Anyways... one thing I have been confused about lately is when people say to adjust the gamma in there photoshop. When you go image>adjustments>exposure you get exposure and gamma control. If I change the gamma setting to where it says 2.2 from 1.0 the image gets darker. I don't get that, it's like the controls are inverse. It seems like when you increase the gamma the picture should be corrected upwards, but it doesn't. When you do that to 2.2, press okay, then go back and adjust it to .454 you're back where you started in terms of brightness. :confused: So basically making those gamma settings lower makes the image brighter...

    Edit: actually, I did find something here... under edit>color settings you can specify your workspace. Hmm....
  • japetusjapetus178 Posts: 744Member
    What version of photoshop are you using? I haven't had problems with color display in CS5. I have had some problems with alpha fringing, but in CS5, 32bit support is much improved over previous releases. The problem I have now is that Bridge actually does NOT display my .exrs in the proper gamma. So I seem to have the reverse problem.
  • japetusjapetus178 Posts: 744Member
    I noticed you found the workspace color settings. Mine is set to sRGB IEC61966-2.1 and I don't have gamma issues. Maybe check that?
  • YaricYaric0 Posts: 0Member
    japetus wrote: »
    I noticed you found the workspace color settings. Mine is set to sRGB IEC61966-2.1 and I don't have gamma issues. Maybe check that?

    I have CS2. I've found out that if you go up to view and click on proof setup and click on monitor RBG, then go and click on proof colors it'll display the proper gamma. The workspace settings under color settings don't really seem to do anything for me. I'm probably just too dense to understand it :(

    And yeah, that's weird about your bridge viewer. Mine seems to display the proper gammas there.
  • japetusjapetus178 Posts: 744Member
    Ah, well that could be your problem too! Glad that you fixed it, very annoying! Adobe products boggle the mind sometimes.
  • DjuinDjuin0 Posts: 0Member
    Ok I think I have some of this. . . First I'm way still learning these programs, so take what I have as you would a small child who thinks the moon overhead follows him home night ^_^, anyway. . . The whole thing about inverse gama with the image>adjustment>exposure stuff, I may not be correct but it seems to me that when you use an art program, so far it seems any, and adjust the gama through it, you are adjusting it for other displays, not your own. The reason it gets darker is because when viewed on say google chrome at your local library, these probably lack luster displays (as I think are most actually) natively are set to a corrected gama of 2.2, so to them the adjusted image looks as intended? . ? . If they were to view a 1.0 gama image wouldn't it look way to dark, is that the difference in changing your screens gama persay, and "adjusting" for a display, Yes? (like setting a smaller record to a higher speed so it sounds normal? you know . . .45's, I can't be that old ^_^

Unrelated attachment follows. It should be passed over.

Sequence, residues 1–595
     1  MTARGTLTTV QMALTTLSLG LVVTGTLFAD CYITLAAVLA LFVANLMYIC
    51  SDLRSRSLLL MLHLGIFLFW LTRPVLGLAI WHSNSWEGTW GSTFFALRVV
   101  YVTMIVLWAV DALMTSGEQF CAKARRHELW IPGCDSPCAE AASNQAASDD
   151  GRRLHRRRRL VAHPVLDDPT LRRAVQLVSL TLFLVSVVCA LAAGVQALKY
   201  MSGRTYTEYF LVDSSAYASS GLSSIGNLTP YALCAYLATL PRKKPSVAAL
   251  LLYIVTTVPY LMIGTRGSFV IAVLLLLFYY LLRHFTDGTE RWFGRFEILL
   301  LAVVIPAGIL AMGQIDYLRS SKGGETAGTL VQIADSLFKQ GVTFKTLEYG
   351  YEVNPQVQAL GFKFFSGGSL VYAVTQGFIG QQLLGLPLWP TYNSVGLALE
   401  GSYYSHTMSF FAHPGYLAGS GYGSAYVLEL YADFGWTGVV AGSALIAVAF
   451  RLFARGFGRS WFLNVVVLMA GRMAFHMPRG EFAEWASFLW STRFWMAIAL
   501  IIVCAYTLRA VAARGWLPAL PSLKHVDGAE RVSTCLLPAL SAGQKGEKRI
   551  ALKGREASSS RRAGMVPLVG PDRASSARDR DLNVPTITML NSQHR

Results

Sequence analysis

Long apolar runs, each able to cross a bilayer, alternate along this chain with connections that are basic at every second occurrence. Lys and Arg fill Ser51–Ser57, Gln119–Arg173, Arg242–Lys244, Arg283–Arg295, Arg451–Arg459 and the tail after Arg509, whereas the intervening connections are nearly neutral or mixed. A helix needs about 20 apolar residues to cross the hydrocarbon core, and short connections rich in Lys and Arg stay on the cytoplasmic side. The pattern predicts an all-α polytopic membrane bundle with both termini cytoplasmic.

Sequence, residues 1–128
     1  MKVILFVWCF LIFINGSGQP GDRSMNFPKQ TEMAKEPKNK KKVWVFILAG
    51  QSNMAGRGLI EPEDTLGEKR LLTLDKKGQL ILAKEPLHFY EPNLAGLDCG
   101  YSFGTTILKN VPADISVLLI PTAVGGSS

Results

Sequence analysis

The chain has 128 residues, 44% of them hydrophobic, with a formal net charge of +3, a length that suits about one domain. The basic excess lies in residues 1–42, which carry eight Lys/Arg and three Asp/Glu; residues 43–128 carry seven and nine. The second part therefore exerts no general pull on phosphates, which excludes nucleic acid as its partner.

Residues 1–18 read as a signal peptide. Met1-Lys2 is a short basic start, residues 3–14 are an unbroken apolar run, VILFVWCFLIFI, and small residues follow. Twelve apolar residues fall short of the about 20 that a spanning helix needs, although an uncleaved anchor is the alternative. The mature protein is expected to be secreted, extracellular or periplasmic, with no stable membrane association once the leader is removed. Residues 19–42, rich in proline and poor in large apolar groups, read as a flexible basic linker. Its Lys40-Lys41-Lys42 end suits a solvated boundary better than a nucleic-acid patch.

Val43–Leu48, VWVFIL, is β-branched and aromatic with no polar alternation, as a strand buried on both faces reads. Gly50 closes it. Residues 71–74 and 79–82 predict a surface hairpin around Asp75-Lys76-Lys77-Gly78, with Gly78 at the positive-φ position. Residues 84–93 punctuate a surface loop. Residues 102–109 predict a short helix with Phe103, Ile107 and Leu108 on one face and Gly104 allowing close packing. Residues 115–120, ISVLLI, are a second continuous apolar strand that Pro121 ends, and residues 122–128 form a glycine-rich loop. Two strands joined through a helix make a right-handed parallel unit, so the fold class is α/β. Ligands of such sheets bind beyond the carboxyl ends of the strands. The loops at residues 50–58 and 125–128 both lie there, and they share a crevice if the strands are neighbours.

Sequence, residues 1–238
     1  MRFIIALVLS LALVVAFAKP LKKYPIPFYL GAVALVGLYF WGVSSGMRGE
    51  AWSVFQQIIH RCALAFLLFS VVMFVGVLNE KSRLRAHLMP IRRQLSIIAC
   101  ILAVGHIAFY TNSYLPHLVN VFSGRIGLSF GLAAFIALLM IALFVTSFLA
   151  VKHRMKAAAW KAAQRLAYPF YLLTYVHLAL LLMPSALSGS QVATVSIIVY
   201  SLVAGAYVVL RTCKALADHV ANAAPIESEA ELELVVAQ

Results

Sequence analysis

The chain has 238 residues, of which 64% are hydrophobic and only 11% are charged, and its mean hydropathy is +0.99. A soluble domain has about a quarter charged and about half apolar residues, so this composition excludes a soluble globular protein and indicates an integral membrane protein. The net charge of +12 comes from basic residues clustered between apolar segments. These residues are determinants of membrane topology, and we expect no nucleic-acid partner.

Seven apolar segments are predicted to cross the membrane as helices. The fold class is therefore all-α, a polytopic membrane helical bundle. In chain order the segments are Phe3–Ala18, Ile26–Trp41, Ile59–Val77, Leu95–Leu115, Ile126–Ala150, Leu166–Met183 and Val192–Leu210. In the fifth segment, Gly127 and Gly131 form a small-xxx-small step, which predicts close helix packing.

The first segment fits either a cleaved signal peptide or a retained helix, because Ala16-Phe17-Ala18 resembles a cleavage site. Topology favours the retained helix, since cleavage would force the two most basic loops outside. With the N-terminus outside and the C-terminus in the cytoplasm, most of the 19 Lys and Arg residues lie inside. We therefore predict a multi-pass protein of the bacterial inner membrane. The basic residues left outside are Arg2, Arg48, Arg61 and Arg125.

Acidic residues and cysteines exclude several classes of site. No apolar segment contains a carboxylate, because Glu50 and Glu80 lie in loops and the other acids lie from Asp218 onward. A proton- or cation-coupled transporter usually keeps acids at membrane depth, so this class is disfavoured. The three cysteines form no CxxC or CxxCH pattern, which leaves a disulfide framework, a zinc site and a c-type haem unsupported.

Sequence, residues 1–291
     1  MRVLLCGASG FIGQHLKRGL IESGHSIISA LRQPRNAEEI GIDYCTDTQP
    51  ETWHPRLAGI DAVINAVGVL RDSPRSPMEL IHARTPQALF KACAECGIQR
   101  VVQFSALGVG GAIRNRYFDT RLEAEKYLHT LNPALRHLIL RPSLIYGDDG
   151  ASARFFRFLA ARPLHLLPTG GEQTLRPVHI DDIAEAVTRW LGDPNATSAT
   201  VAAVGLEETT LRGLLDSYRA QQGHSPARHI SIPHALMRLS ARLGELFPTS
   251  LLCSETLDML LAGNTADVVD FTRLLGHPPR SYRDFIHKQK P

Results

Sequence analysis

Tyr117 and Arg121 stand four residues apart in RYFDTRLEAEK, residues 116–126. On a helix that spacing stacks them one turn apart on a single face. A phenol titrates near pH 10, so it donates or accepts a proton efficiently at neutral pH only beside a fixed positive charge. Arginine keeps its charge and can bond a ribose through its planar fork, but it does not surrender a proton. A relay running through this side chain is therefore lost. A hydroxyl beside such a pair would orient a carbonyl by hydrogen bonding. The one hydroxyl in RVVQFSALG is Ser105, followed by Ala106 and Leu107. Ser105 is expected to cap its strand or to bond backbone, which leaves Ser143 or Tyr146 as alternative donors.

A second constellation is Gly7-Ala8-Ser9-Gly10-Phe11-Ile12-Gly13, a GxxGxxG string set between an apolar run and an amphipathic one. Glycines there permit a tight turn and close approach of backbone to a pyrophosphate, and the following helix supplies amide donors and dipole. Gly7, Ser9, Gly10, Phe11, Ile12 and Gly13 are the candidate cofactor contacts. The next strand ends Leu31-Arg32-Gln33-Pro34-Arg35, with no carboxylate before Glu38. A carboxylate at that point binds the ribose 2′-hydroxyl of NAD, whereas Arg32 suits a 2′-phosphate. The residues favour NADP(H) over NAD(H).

Anyway my larger point is, isn't it really about how your client/audience will view it, and not necessarily you? Like I said I could be way off base, I'm just trying to make sense of it all too. If I am wrong I hope at least these are new links to yall ^_^

    This is an amazing bit of info I found about adjusting max and v-ray, with follow along photos, and whys, and hows . . . http://renderstuff.com/using-gamma-2-2-cg-tutorial/
    and a great just general in depth look at gama . . . http://www.breidt.net/scripts/gamma_correct_v12.pdf

    Hope my first post was an ok one, HI everyone!!!

    EDIT: Oh ya great, OP! And great info on using After Effects, thanks guys!
  • IRMLIRML176 Posts: 0Member
    I think maybe you are a bit confused, it's always hard to tell what people really mean when talking about gamma because there are lots of confusing terms

    displays are at 2.2 gamma (maybe some vfx studios have linear monitors, I don't know, but it doesn't matter here), you don't change your display, you render at 1.0 just to get the benefits of correct colour blending, then you change the render back to 2.2 again so it can be viewed correctly on a display